MacBook Lineup Represented Estimated 1 in 10 Notebooks Shipped Worldwide Last Year

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Apple's lineup of MacBook, MacBook Air, and MacBook Pro models accounted for roughly one in ten notebooks shipped worldwide last year, according to data published today by research firm TrendForce.


TrendForce claims that Apple surpassed ASUS to become the world's fourth largest notebook vendor, with an estimated 9.6 percent market share in 2017, up from 8.3 percent in 2016. ASUS saw its market share drop to an estimated 9.5 percent last year, down from a reported 10.3 percent in 2016.

The research firm says Apple releasing updated MacBook Pro models in June 2017 helped the company expand its shipments by 18 percent for the whole year--supposedly the highest growth rate among all notebook brands.

TrendForce estimates notebook shipments from all brands totaled 164.7 million units worldwide, a year-on-year increase of 2.1 percent. Windows PC makers HP, Lenovo, and Dell led the industry with estimated 24.3 percent, 20.2 percent, and 15.2 percent market shares respectively in 2017.


It's important to note that Apple doesn't break down its Mac sales on a model-by-model basis in its earnings reports, so TrendForce's data is estimated, likely based in part on the average selling price of a Mac.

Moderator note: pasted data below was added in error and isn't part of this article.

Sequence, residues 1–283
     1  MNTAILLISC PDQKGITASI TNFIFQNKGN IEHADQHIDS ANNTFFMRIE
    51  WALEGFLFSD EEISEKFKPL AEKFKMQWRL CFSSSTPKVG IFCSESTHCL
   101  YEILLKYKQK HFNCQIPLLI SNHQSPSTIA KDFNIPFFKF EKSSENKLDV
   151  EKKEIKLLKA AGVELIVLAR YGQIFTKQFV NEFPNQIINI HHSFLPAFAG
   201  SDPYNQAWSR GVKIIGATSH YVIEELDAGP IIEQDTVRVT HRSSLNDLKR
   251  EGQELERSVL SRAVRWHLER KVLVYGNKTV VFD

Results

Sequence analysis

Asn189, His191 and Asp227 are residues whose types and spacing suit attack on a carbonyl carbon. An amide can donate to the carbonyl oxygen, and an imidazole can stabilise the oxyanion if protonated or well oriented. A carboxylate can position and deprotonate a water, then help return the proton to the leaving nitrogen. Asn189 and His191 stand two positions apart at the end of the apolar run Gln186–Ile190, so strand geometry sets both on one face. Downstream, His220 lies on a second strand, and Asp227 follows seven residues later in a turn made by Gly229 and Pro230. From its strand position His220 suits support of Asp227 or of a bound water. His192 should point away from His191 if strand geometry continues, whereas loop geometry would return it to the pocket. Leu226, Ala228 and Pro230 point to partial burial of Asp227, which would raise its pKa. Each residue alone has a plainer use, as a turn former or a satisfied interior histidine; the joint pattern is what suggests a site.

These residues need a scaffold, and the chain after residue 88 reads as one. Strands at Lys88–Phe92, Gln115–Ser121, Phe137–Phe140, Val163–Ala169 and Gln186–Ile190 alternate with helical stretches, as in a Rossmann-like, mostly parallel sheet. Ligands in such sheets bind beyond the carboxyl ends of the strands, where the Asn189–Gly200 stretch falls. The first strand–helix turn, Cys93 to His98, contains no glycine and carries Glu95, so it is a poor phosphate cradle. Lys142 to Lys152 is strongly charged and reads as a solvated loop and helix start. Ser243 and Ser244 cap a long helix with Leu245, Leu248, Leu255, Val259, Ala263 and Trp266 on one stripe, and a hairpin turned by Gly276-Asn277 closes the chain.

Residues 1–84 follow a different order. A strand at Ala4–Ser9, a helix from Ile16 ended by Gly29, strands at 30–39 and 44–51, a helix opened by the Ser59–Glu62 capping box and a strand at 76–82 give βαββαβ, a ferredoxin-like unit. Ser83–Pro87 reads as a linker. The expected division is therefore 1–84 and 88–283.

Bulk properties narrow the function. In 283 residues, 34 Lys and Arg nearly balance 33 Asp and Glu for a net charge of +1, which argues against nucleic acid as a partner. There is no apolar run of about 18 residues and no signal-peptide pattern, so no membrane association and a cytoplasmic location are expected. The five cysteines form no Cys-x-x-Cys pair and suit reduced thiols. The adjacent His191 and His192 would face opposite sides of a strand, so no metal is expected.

Another caveat is that PC makers like HP, Lenovo, and Dell sell a wide variety of notebooks at all different price points, while Apple primarily targets the high-end market, with its cheapest notebook being the outdated MacBook Air for $999 and up. Apple's profit margins are also significantly higher.

Apple routinely flip-flops between fourth and fifth place in the notebook market, so these results aren't overly surprising. The company is expected to remain the world's fourth most popular notebook vendor in 2018.

What's next for Apple's notebook lineup? We haven't heard much yet, but a recent report claimed that at least three new Mac models integrated with custom co-processors, including updated notebooks and a new desktop, are planned for release later this year. MacBook refreshes often occur between March and June.

Apple's desktop lineup has actually received more attention than MacBooks recently. In addition to the all-new iMac Pro, Apple continues to work on a Mac Pro with an upgradeable design. The portable Mac mini has also gone well over three years without an update, and could certainly use a refresh.

For a history of release dates and the latest rumors about the MacBook, MacBook Air, and MacBook Pro, be sure to visit our Mac Buyer's Guide.

Article Link: MacBook Lineup Represented Estimated 1 in 10 Notebooks Shipped Worldwide Last Year
 
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zorinlynx

macrumors 603
May 31, 2007
6,214
9,392
Florida, USA
Does anyone know if the keyboard issue where a speck of dust can render a key inoperable has been fixed in production yet?

I've done some searching around and learned that the keyboard was slightly redesigned between the 2016 and 2017 revisions, but there's no mention as to whether the dust problem was solved. Knowing the Macbook keyboards have this problem keep me from upgrading.
 
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69Mustang

macrumors 604
Jan 7, 2014
7,522
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In between a rock and a hard place